Hence, my sympathy for the mild mannered approach of Carl Sagan as evident in, say, The Demon Haunted World, or The Varieties of Scientific Experience, and my dislike of the more in-your-face take of those such as Dawkins, as fun as the latter may be for the in-crowd. Up until recently, however, I could only back up my preference with reasons of personal taste and anecdotal experience. Not any longer, now there is hard data. A recent paper in PLoS One by Jessica Tracy, Joshua Hart, and Jason Martens explored the reasons why people prefer Intelligent Design type “explanations” to science-based ones such as evolution by natural selection. The authors carried out a series of experiments using an established technique in experimental psychology, known as “priming.” Before exposing subjects to, say, a writing by Michael Behe or Richard Dawkins, the researchers asked them to imagine and write about either their own death or some dental pain. Subjects were then given a short passage authored either by Behe or by Dawkins — neither of which was explicitly addressing religion — and were asked what they thought.
Subjects who were primed to imagine their death prior to reading the passages were inclined to like Behe better than Dawkins, and to accept ID accounts over evolutionary ones. The inference being that — as we all suspected — people are drawn to creationism out of emotional fears of personal annihilation, not by reasoned discourse.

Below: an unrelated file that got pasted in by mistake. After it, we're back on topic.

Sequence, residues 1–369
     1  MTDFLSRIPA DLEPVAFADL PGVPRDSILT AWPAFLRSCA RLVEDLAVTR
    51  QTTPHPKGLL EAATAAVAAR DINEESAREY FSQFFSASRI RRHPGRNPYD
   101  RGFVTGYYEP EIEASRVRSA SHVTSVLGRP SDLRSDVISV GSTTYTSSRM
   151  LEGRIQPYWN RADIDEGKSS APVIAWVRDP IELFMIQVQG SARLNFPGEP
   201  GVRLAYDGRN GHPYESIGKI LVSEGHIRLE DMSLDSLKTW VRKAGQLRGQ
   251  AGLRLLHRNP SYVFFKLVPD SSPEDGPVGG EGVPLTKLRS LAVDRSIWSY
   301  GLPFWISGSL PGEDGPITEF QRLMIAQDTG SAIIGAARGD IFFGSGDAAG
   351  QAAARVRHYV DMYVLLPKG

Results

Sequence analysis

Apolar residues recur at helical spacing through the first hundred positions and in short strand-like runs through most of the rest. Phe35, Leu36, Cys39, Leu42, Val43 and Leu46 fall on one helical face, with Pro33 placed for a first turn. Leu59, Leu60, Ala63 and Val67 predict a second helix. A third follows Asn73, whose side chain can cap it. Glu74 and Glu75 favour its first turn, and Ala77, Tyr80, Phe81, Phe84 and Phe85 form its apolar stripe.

Here is the first kicker, however: when the researchers also gave subjects an additional reading, from Carl Sagan, the results were different. In the short passage, Sagan was explicitly arguing that scientific explanations of natural phenomena do not have to detract from meaning (yes, I know that Dawkins also writes about this, but much less forcefully and convincingly, I think). The Sagan piece had the effect of countering Behe’s, even among people who had been reminded of their own mortality. Pretty neat, heh?
But there is more. An additional experiment was carried out by focusing on undergraduate and graduate students in the natural sciences, instead of the broader samples from the general population examined previously. Even after thinking about death, these subjects still favored biological explanations over Intelligent Design, and they even liked Dawkins better than Behe. It seems that education might trump people’s fear of mortality enough to make them understand that science is more sound than religion when it comes to explaining the natural world.
The bottom line is that we now have some of the first experimental evidence that: a) coupling scientific accounts of the world with more philosophical reminders of where meaning in life comes from, and b) simply teaching science, are effective ways to alter people’s perception of the evolution-creation debate.
Think about it: this means that an injection of philosophy and good science education actually makes a difference! Our efforts are not wasted, especially if we can remind ourselves of what should be obvious: people are attracted to pseudoscience not just because they don’t know enough science (though that is certainly the case), but because they find enhanced meaning in the mysterious. Paul Kurtz famously called it the transcendental temptation, and a strong temptation it is. The trick is to counter it with tools that cut deep enough into its emotional roots, not just addressing its surface appearance of rationalization.
Reposted from Rationally Speaking,
May 16, 2013